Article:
Trapping results from the 2015/16 season
The psyllid trapping program
for the 2015/16 season has been completed. Trapping is continuing with a small
number of traps currently being operated in Tasmania, Victoria and South
Australia during spring. Trap numbers will be increased again for the 2016/17
potato growing season when planting begins in each region.
A summary of the results is
given in Table 1.
- No tomato-potato psyllids (Bacticera cockerelli)
were detected on 325 traps placed in the field during the 2015/16 season.
- Over 1,753 native psyllids and 1,366 beneficial insects
- Captures of native psyllids were highest in South
Australia (average of 11.0 psyllids per trap) and lowest in eastern Tasmania
(3.1 psyllids per trap).
- None of the native psyllids caught are thought to feed
on potato plants but were attracted to the yellow colour of the sticky traps
from nearby vegetation, particularly Eucalyptus trees.
- Over all locations, only 0.6% of all native psyllids
caught belonged to the same family as the tomato-potato psyllid (Triozidae)
making differentiation rapid based on wing venation (see: Tomato –potato psyllid Identification Key).
- However, two triozids caught in north-western Tasmania
in January 2016 were very similar in appearance to the tomato-potato psyllid
and were later identified as a native species of Trioza.
- Captures of beneficial insects were highest in Victoria (8.9
per trap) and lowest in eastern Tasmania (3.1 per trap).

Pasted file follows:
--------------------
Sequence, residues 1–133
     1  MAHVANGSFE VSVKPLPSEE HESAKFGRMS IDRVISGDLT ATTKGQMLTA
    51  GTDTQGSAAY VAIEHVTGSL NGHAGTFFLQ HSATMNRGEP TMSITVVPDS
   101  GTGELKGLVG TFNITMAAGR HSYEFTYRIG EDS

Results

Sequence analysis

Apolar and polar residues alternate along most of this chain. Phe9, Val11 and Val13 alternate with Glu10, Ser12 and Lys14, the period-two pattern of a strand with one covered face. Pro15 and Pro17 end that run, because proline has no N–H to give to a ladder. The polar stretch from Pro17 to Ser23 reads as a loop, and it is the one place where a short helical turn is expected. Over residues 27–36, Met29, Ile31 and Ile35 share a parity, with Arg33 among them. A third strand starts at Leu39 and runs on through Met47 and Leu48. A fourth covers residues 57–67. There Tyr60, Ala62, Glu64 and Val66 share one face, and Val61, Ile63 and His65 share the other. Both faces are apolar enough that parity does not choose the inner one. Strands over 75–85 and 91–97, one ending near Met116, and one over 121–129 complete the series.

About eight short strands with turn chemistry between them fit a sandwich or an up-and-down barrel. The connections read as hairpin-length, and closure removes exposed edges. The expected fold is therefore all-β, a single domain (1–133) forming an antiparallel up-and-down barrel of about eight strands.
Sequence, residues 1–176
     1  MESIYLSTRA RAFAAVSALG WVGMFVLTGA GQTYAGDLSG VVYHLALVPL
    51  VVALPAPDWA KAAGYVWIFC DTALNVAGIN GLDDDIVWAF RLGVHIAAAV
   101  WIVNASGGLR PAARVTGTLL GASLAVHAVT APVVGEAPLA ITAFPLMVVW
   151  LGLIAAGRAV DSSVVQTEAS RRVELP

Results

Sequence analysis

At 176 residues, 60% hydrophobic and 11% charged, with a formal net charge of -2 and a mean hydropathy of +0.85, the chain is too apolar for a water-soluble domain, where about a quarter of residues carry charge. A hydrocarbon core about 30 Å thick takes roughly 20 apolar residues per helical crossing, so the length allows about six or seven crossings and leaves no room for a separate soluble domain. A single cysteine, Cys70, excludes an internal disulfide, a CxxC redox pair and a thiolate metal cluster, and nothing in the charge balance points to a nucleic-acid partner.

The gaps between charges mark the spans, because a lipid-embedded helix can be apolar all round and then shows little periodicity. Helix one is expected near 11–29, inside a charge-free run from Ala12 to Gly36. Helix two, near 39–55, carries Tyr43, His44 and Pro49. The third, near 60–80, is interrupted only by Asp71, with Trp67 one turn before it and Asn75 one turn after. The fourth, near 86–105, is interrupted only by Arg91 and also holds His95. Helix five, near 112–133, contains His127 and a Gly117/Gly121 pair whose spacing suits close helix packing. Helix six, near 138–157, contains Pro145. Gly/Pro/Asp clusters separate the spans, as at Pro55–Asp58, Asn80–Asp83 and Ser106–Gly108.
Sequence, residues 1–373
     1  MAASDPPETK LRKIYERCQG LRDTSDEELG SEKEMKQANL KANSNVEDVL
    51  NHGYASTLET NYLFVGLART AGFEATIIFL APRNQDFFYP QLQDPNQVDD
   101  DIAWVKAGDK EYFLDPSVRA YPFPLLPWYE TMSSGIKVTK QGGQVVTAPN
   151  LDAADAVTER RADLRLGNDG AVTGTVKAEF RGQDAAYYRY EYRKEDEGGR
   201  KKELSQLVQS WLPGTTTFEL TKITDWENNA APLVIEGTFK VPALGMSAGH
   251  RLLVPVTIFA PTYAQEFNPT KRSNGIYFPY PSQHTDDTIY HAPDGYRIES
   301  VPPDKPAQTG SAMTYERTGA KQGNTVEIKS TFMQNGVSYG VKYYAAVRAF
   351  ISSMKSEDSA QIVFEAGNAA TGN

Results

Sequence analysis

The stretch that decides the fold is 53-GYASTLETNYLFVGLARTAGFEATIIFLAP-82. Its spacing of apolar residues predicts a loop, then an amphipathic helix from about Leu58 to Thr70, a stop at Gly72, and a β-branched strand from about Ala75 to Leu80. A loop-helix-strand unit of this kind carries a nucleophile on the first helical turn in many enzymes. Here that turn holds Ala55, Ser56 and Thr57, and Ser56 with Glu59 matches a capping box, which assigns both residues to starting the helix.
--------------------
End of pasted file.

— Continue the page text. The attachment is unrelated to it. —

- Over 47% of beneficial insects caught were brown
lacewings, while ladybirds constituted 25% of captures and hoverflies 26%.
- As found in the 2014/15 season, there was no correlation
between the number of native psyllids caught and the number of beneficial
insects caught, as expected. The number of beneficial insects present in potato
crops is most likely affected by the density of other prey insects, in particular
aphids, and on agronomic practices (such as weed control and the number of
insecticide sprays applied).
For more details of the trapping results for individual regions see: northern Tasmania, south-eastern Tasmania, Victoria, South Australia, Queensland and NSW.
Table 1: Summary of 2015/16 trapping results
Total no. traps
Total no. psyllids
Mean no. psyllids/trap
Total no. beneficials
We thank industry partners
and Horticulture Innovation Australia for funding; all participating potato growers
for allowing us to conduct trapping on their farms; and Dr Gary Taylor
(University of Adelaide) for identifying the Trioza spp.